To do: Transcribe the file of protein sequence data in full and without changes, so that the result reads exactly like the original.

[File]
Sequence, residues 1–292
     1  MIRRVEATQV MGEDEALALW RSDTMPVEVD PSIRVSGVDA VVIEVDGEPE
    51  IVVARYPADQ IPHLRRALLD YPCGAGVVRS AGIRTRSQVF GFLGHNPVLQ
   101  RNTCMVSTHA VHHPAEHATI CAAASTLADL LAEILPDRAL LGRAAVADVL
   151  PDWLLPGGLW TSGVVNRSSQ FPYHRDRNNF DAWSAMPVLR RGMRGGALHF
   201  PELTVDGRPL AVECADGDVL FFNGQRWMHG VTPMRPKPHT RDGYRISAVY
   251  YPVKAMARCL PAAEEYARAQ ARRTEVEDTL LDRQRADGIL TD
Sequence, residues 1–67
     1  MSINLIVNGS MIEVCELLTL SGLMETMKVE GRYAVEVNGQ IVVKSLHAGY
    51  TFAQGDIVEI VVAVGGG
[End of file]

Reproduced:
Sequence, residues 1–292
     1  MIRRVEATQV MGEDEALALW RSDTMPVEVD PSIRVSGVDA VVIEVDGEPE
    51  IVVARYPADQ IPHLRRALLD YPCGAGVVRS AGIRTRSQVF GFLGHNPVLQ
   101  RNTCMVSTHA VHHPAEHATI CAAASTLADL LAEILPDRAL LGRAAVADVL
   151  PDWLLPGGLW TSGVVNRSSQ FPYHRDRNNF DAWSAMPVLR RGMRGGALHF
   201  PELTVDGRPL AVECADGDVL FFNGQRWMHG VTPMRPKPHT RDGYRISAVY
   251  YPVKAMARCL PAAEEYARAQ ARRTEVEDTL LDRQRADGIL TD
Sequence, residues 1–67
     1  MSINLIVNGS MIEVCELLTL SGLMETMKVE GRYAVEVNGQ IVVKSLHAGY
    51  TFAQGDIVEI VVAVGGG